If around half of all lifetime mental health problems begin by the mid-teens, why are we not training our teachers to be able to effectively support children and young people in ways that prevent this statistic, instead of relying on the NHS to attempt to cure it?

By providing teachers a training education that sufficiently includes mental health and wellbeing training early in their careers, we can work to reduce these shocking statistics. Like children, teachers need to be well-supported.

Prevent rather than cure.


Mind (2024) Mental health facts and statistics. Available at

NHS (2023) Mental health of children and young people in England. Available at

Kelsie Lee’s bio:
Kelsey has recently completed her degree in Primary Education and will be starting teacher training this coming September. She has a strong passion for all things education and strives to support mental health and wellbeing within this field.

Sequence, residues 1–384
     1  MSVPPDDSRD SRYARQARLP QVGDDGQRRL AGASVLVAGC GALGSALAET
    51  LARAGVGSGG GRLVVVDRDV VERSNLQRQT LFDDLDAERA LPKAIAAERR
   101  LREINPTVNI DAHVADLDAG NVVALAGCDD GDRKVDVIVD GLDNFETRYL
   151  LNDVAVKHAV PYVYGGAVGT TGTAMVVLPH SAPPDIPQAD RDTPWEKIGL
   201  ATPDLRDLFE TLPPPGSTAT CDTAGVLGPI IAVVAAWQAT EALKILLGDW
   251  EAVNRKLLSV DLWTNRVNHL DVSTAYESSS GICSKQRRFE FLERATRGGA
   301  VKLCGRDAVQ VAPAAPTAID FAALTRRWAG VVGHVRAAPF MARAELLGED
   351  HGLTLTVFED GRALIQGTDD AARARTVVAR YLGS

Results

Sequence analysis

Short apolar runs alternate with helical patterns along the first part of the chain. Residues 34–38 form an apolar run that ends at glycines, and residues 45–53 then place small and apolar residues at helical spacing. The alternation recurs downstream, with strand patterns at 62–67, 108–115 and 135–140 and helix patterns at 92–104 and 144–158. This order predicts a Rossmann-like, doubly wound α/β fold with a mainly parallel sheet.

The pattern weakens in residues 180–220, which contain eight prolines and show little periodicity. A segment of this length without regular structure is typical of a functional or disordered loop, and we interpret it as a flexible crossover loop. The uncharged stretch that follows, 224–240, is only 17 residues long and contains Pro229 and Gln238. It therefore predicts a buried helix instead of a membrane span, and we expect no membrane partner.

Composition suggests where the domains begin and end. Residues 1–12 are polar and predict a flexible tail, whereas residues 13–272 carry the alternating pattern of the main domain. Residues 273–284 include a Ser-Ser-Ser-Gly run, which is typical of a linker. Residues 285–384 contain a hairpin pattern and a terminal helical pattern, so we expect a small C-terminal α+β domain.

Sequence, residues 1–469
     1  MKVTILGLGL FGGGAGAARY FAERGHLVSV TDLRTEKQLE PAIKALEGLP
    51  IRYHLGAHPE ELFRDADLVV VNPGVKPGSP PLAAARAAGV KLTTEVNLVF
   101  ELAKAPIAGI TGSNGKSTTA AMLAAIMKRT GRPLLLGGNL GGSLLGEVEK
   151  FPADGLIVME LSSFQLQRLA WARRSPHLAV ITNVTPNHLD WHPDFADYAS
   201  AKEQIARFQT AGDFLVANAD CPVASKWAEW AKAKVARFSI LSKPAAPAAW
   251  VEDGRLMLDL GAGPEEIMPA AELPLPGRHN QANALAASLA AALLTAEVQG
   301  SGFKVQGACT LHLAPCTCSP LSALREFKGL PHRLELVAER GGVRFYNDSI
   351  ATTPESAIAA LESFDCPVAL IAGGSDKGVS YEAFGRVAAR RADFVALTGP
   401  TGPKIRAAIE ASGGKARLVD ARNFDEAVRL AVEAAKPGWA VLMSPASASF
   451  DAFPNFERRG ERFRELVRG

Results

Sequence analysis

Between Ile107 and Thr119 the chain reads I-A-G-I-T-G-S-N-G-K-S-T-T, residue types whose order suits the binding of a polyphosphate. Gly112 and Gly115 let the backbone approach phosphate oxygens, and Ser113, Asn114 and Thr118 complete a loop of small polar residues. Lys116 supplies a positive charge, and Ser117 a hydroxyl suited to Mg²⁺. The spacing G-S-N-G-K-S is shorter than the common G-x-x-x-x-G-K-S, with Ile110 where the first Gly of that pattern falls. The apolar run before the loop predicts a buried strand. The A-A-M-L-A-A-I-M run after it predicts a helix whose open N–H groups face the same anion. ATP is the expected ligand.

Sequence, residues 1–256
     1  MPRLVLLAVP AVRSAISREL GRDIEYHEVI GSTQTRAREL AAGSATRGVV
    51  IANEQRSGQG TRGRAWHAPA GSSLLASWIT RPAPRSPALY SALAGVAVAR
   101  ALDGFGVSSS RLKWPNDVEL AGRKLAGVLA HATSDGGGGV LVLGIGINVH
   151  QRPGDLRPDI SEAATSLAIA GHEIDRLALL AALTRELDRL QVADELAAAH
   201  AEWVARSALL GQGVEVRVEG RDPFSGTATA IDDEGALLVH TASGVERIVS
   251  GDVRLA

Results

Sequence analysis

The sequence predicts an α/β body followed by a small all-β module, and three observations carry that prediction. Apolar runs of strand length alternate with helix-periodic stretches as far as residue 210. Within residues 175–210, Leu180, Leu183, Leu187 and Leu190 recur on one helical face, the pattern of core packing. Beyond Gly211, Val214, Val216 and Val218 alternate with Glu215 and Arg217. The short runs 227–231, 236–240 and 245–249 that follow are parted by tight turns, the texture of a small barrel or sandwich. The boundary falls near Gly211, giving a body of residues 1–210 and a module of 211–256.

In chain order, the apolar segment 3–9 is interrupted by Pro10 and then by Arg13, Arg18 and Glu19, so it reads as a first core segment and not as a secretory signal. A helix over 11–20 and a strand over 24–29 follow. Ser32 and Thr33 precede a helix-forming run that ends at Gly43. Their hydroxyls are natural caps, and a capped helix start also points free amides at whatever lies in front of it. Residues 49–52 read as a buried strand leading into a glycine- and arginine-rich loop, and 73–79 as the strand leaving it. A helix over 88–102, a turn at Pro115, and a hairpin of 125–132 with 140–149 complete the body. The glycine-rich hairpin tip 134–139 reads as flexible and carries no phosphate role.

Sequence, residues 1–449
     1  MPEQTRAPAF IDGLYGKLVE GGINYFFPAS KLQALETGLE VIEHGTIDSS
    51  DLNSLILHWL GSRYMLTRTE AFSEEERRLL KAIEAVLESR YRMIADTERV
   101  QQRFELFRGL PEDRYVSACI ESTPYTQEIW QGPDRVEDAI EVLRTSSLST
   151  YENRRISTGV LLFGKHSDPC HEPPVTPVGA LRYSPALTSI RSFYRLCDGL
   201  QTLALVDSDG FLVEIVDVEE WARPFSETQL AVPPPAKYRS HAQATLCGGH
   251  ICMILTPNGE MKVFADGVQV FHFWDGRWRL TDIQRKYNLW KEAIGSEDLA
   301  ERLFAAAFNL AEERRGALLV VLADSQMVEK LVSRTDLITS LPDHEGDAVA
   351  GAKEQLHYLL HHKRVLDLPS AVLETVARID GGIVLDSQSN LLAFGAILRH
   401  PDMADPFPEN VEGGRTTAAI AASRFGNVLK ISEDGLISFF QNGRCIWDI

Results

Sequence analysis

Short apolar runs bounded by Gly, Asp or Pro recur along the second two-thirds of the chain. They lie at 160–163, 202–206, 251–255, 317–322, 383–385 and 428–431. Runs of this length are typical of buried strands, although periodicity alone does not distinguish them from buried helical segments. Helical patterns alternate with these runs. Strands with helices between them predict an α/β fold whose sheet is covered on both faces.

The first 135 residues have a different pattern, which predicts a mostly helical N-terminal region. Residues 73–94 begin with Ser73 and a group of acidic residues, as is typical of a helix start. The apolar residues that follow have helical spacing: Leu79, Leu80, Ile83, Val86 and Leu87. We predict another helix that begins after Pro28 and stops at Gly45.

Leave a Reply

The author

Poppy currently leads the innovate Blended Accelerated BA Hons in Primary Education Studies at ARU (Anglia Ruskin University), Essex. Poppy is a senior lecturer in education, and recently graduated with merit on the Masters in Mental Health Science (MSc). Poppy is also a qualified Inside-Out Prison Educator. Poppy previously worked for 4 years as a Senior Lecturer in Primary Education, and Course Lead of the 2-year accelerated Primary Education degree, at the University of Greenwich, moving into Higher Education after over a decade working in London primary schools. Poppy’s primary research interests revolve around mental health and wellbeing, but Poppy also has a passion for edtech in helping students achieve.

Subscribe to the monthly bloggers digest

Cookies and Privacy
Like many sites this site uses cookies. Privacy Policy » OK